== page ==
Boyd Cordner's won a Grand Final with number 18 on his back.
And at every level of the game, be it in the sky blue, green and gold or red, white and blue, the 22-year-old has debuted in a jumper outside of the starting 13.
So when Cordner pointed to the back of his jumper after his 71st minute try that put Panthers to bed, the bleeding obvious was made apparent. This number 16 jersey means a hell of a lot.
Donning the same number that his mate Alex McKinnon was injured in several months ago, Cordner didn't just rise for the bloke he got to know so well through years of junior rep footy, he played the house down.
With two tries, a game-high 202 metres, 37 tackles and four tackles, Cordner turned in the type of performance that in the words of The Castle's Darryl Kerrigan "is going straight to the poolroom". Right alongside the Tricolours number 16.
"It was unreal wearing that jumper for Alex and knowing what today meant, words can't really describe it," said Cordner.
"I'm honoured to play in that number 16 jersey and to represent Alex. It was great. We got a good turn-out today and hopefully we raised a fair bit of money for him because he deserves it.
"It's a great game rugby league, and a family game. And you see it in everybody rallying behind Alex, and the turn out we had here today."
The danger with these emotion-charged fixtures is of course letting the occasion distract from the job at hand. But with Cordner possessing one of the calmest heads the game has seen on shoulders so young, you get the feeling that was never a genuine possibility as the Roosters snapped a winless run that pre-dated Origin II.
"Obviously it was a great chance to show respect for Alex, and it was a bit emotional, but we knew we had a job to do, and I knew I had to prepare well and focus," Cordner told NRL.com of the club's preparations for the clash, in the end won by the Roosters 32-12.
"It was business as usual but a different game at the same time, so I'm just happy we got the win and got to do well with Alex in mind."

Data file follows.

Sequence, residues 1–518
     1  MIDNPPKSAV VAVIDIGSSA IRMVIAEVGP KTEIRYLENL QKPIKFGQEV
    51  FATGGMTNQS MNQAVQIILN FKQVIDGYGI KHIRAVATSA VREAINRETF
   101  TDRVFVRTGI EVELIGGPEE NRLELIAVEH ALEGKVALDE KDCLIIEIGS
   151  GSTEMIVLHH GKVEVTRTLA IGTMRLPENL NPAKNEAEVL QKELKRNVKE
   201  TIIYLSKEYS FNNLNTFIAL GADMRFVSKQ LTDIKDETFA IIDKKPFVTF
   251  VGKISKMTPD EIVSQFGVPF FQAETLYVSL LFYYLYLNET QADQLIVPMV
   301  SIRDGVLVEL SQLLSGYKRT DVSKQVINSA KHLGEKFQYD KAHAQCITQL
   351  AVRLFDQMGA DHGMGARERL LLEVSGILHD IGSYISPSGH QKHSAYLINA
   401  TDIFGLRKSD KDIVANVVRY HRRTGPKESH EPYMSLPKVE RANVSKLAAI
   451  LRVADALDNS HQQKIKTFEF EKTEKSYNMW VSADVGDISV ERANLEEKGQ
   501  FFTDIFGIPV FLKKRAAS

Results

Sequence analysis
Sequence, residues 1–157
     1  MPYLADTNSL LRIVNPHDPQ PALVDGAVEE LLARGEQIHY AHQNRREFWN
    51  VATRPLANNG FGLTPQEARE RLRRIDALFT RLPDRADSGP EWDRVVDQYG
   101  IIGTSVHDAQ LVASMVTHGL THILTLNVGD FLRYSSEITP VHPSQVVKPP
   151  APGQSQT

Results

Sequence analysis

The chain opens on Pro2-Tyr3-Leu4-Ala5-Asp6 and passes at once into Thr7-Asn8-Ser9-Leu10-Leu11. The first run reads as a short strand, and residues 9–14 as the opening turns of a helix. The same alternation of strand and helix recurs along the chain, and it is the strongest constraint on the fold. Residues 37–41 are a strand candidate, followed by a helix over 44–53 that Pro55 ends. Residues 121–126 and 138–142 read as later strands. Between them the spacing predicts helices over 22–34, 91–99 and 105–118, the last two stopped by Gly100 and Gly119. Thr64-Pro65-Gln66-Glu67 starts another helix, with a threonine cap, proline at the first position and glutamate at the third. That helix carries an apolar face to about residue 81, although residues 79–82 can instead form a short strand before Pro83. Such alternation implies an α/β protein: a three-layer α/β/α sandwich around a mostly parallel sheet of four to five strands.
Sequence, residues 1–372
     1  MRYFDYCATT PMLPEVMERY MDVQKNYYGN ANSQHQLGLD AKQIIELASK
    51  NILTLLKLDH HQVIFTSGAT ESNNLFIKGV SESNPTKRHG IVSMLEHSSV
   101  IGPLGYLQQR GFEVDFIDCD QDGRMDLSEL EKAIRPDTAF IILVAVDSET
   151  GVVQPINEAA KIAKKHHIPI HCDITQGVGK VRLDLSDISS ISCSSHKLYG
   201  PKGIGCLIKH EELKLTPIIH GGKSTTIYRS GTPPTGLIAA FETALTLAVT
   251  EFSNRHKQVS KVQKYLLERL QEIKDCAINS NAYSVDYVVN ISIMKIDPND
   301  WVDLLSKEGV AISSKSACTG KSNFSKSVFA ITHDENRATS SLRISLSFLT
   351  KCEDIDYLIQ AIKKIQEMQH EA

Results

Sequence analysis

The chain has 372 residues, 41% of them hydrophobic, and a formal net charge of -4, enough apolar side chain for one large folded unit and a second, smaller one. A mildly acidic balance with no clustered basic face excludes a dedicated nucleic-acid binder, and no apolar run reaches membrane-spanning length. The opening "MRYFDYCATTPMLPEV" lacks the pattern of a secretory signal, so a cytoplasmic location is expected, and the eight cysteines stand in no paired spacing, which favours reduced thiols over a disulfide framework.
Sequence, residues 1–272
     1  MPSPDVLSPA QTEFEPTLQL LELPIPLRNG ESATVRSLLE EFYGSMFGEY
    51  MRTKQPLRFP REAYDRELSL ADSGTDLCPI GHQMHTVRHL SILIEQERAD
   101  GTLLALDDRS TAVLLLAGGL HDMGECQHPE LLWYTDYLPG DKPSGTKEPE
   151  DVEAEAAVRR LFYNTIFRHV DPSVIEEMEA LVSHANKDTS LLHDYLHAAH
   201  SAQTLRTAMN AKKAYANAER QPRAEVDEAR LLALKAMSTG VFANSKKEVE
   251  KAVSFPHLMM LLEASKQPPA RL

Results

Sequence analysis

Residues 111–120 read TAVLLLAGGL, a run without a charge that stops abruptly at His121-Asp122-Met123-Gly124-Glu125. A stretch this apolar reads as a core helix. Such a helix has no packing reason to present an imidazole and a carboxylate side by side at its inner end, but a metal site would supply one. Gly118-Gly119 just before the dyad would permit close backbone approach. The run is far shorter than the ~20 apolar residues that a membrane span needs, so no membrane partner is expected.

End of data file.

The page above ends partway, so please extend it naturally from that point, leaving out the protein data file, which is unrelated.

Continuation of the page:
With plenty of chatter about the Roosters' motivations doing the rounds in different weeks, this was not just a win, but a showing the defending premiers sorely needed. Displaying the grit, and performing the grind so clearly lacking in their last-start capitulation to the Sharks a fortnight ago, the home truths delivered at a four-day training camp on the Central Coast looked to have well and truly landed. Up 18-0 at the break and running into wind as strong as it was brutally cold, the premiers' defensive resolve refused to wilt for over an hour despite the persistent attacking raids of the Panthers.
"I didn't go into camp, I was on State of Origin (duty), but in training when I came back with them this week there was definitely difference, and you probably saw it today in parts with our defence," said Cordner.
"Just the little things, we're a pretty positive group and we knew what we had to do.
"We had that loss against Manly and then that pretty embarrassing loss against the Sharks so we had to turn it around pretty quickly.
"Nothing more than a win today was going to cut it, so we're quite happy to get it."
And as for whether the Tricolours truly have the desire to be the first team to win back-to-back titles since the Broncos in 1997-98, Cordner was blunt. Trent Robinson and his men will be marking anything less than a victory lap come the first weekend of October a failure in their eyes.
"We won't think we've had a good season unless we've won the comp, so that doesn't change when you look at it that way," said Cordner.
"Even though we've won a comp, we still want to be the best. That's the motivation and that means it's still the same; we still have to win to prove that.
"Personally the motivation's still there. That feeling of winning a premiership, you don't get it anywhere else.
"So the will for me, the fire in the belly, it's still there and I want to be putting in my best performance every week."